Our success came from targeting clients, not developers,” McKenna says. “What has really driven our growth is the size, scope and complexity of the projects we’re taking on. Our evolution from high-end fi t-out company to specialist general contractor came about as a direct result of requests from clients. They asked us to get involved in refurbishment and repurposing, and this has now become a major part of our business. So to some extent, customer expectations drove us in this new direction.”
Today, Mac employs 138 people and has seen its turnover jump from € 25m in 2013 to € 131m in 2016. The company has offi ces in Dublin, Newry, Birmingham, London, Germany and Prague.
“The biggest challenge of making the jump was enticing people to come and join us,” McKenna adds.
“We brought four or fi ve key individuals on board in 2014 and 2015 and they hand-picked the people they wanted. Retaining staff has been central to our success. Our retention rate is about 88 per cent over fi ve years.”
McKenna says delegating as the business grew was not a problem. “If you don’t have seasoned professionals in each category of your business you won’t succeed,” he says. “We recruited specialists and let them grow their own departments. I’ve always employed people who are better than I am.”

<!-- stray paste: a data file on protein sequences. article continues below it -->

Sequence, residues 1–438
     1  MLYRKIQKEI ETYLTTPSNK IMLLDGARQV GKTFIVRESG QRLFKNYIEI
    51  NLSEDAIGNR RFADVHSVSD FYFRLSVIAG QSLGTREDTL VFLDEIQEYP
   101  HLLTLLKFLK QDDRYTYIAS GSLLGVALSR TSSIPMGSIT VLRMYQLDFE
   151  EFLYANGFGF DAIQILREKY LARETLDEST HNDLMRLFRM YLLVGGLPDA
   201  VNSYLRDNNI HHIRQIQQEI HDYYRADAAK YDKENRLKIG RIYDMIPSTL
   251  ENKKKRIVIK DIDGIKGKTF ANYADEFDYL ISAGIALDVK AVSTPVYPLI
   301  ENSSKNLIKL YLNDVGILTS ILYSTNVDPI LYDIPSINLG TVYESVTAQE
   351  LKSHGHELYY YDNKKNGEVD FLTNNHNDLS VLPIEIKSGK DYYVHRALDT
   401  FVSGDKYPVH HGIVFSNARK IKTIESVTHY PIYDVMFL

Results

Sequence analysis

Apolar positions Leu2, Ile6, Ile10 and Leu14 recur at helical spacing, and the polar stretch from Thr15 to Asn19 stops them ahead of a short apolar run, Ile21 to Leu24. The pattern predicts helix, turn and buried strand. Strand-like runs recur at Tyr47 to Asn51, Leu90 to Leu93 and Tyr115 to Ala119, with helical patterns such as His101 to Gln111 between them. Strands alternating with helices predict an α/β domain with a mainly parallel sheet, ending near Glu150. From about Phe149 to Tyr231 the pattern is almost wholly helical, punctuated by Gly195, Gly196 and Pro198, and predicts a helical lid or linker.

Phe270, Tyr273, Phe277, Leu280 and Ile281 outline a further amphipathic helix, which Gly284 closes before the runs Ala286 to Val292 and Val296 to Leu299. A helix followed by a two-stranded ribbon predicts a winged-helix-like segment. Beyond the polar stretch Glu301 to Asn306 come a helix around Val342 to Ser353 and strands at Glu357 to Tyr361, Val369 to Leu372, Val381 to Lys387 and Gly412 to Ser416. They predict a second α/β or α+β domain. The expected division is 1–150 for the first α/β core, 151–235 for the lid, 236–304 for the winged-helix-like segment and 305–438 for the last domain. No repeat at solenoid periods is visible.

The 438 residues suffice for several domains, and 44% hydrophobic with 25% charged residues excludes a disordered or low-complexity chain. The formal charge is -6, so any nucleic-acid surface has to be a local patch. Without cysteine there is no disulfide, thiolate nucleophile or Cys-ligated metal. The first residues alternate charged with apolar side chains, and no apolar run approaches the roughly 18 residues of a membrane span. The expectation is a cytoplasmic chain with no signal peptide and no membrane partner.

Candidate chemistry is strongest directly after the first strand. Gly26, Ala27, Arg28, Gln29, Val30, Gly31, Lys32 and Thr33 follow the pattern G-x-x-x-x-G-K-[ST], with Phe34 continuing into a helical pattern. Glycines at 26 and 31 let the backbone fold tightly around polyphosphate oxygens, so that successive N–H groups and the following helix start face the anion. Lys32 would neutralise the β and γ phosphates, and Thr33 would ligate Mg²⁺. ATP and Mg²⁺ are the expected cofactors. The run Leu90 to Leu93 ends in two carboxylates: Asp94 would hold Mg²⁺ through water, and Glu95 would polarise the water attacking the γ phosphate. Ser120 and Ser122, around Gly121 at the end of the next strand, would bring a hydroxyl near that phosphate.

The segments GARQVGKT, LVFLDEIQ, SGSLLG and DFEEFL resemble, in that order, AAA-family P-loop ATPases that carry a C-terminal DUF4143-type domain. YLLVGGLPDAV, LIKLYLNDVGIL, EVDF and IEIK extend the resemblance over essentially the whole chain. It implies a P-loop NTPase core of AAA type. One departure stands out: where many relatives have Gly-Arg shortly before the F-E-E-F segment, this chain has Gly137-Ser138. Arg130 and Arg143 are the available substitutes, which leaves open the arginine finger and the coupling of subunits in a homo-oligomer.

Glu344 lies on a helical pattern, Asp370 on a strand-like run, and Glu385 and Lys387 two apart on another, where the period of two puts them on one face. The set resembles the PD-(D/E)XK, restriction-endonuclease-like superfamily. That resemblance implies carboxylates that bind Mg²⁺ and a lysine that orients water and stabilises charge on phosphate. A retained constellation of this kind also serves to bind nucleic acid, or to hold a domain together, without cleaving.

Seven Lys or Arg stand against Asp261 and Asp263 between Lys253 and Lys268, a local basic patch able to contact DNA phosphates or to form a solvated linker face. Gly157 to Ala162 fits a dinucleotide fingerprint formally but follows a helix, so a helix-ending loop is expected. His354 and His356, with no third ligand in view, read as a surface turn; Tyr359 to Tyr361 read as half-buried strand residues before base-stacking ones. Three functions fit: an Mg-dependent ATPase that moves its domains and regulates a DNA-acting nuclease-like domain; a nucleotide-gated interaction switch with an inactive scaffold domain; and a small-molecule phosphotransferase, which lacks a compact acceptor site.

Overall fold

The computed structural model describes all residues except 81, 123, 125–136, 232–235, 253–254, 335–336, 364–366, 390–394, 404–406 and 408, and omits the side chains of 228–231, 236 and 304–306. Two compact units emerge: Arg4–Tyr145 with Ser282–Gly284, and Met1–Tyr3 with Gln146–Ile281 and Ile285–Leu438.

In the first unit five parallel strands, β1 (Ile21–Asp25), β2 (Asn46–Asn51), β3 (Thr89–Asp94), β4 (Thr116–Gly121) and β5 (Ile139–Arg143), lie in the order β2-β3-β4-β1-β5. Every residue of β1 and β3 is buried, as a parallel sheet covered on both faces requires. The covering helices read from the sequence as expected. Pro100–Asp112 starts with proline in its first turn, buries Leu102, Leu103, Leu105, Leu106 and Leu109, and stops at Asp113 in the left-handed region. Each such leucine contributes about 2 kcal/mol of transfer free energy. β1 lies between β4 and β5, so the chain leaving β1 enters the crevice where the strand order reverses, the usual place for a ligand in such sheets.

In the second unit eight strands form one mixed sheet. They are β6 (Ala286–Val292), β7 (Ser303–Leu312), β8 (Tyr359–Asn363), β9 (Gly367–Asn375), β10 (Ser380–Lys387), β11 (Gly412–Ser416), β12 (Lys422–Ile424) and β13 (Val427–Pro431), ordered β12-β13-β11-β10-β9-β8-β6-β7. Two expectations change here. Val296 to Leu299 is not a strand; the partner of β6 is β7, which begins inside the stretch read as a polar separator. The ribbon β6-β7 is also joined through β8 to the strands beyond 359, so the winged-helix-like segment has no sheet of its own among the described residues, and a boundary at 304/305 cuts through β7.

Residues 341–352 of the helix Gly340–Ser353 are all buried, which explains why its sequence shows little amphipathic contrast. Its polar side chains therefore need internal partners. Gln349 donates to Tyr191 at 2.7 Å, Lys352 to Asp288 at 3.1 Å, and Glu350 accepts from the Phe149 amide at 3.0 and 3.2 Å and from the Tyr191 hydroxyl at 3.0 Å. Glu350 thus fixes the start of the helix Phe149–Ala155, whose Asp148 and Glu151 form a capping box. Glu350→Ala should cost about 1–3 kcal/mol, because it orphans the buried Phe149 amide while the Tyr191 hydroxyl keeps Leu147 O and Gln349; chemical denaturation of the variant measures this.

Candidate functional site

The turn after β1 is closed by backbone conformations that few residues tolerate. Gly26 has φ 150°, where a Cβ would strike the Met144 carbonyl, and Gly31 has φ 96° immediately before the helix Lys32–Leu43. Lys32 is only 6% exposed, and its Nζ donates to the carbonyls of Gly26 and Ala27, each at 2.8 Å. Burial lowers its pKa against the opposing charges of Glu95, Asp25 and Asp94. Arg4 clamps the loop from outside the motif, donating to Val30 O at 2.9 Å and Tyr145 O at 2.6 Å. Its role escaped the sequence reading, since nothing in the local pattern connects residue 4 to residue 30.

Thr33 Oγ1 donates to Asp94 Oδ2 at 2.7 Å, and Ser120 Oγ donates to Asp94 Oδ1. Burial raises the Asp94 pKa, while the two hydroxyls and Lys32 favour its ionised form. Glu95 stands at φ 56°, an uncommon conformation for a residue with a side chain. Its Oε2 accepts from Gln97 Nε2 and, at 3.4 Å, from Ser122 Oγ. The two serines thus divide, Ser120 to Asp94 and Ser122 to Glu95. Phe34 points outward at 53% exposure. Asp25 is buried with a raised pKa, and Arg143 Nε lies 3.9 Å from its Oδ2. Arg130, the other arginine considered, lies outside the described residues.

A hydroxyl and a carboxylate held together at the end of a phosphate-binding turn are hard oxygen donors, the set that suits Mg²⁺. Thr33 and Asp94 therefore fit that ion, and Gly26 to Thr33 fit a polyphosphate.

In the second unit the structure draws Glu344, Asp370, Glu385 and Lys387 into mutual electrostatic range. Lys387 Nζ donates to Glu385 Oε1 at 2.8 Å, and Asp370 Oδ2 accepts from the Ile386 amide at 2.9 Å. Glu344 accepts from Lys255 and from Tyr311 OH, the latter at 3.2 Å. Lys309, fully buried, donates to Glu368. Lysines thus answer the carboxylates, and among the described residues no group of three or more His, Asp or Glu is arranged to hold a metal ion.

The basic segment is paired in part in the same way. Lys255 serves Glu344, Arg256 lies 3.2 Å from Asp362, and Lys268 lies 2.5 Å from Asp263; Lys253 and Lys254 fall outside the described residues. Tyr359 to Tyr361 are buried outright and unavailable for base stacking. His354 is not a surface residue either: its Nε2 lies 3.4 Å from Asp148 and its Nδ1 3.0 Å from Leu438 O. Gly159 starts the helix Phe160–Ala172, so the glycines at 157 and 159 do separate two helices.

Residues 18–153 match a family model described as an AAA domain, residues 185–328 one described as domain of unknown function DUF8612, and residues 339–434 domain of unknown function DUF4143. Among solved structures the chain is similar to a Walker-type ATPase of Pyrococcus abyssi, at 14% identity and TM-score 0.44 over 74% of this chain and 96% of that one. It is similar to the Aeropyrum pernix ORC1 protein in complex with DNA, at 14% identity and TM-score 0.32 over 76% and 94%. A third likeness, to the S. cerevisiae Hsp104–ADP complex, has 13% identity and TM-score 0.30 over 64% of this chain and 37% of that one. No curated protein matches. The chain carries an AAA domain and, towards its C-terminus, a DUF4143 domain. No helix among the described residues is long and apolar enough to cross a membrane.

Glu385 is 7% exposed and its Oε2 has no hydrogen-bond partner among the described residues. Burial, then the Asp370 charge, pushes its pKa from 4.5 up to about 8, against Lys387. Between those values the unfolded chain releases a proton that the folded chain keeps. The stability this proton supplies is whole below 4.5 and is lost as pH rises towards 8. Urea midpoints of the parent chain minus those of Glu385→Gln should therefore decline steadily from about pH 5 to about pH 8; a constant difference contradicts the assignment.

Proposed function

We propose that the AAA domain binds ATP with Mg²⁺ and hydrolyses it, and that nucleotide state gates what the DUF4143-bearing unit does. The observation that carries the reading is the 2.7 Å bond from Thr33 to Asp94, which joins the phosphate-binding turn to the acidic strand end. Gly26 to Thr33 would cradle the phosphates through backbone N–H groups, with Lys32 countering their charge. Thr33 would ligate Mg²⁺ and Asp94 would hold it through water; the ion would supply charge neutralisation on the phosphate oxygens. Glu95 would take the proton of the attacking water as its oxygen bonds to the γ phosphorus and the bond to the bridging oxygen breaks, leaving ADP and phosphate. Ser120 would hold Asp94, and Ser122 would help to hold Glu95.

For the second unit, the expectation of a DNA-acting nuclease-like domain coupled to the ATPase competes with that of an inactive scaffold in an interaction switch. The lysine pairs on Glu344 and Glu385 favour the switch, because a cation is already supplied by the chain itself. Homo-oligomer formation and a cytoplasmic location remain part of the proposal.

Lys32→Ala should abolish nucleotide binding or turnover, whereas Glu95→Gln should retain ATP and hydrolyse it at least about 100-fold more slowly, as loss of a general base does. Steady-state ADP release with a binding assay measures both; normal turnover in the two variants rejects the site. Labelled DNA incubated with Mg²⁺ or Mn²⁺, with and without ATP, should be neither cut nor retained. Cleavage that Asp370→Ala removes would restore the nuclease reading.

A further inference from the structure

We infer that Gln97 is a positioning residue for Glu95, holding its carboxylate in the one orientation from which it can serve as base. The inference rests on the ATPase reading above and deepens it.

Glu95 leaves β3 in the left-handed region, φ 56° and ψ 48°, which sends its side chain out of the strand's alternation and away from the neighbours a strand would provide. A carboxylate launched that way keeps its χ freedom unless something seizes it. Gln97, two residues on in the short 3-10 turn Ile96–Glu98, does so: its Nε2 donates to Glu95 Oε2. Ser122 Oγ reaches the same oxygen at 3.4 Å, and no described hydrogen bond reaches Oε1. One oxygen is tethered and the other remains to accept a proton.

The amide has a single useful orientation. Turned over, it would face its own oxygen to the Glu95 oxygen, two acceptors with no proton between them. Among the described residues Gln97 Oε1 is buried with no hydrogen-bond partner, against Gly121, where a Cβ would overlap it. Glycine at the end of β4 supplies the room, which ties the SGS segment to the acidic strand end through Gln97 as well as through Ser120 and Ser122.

One of the fi nancial aspects of the business that changed with the transition was cash fl ow – fi t-outs typically take 12-16 weeks, whereas refurbishments could take 12-14 months.
“It had to be managed, but sub-contractors still have to get paid on time,” says McKenna.
One of McKenna’s concerns around growth was that the business would lose its identity. “Mac-Interiors is synonymous with high-end fi t-outs and we didn’t want that to change,” he says. “We controlled our growth and didn’t become a general contractor overnight. We had been doing general work since 2015 but didn’t announce it until 2017, by which time we were sure there was real demand.”